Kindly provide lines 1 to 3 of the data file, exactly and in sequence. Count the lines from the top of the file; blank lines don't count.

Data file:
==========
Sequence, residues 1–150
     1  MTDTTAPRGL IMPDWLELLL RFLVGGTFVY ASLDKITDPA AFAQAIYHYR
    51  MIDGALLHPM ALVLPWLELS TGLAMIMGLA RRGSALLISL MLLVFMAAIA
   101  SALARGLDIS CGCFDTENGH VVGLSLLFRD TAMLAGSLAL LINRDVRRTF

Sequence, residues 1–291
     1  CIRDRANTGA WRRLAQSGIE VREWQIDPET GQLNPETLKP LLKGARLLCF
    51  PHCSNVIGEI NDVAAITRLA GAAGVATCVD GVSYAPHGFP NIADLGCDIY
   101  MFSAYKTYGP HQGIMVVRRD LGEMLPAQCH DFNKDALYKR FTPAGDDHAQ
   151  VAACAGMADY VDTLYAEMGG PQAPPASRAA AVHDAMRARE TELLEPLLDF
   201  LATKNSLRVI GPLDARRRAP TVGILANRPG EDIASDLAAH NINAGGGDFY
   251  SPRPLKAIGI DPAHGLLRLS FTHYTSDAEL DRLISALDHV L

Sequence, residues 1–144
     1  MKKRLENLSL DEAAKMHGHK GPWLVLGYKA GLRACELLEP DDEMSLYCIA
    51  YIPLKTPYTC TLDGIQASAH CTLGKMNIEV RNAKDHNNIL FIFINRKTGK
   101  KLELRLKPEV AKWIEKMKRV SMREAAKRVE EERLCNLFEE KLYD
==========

Sequence, residues 1–150
     1  MTDTTAPRGL IMPDWLELLL RFLVGGTFVY ASLDKITDPA AFAQAIYHYR
    51  MIDGALLHPM ALVLPWLELS TGLAMIMGLA RRGSALLISL MLLVFMAAIA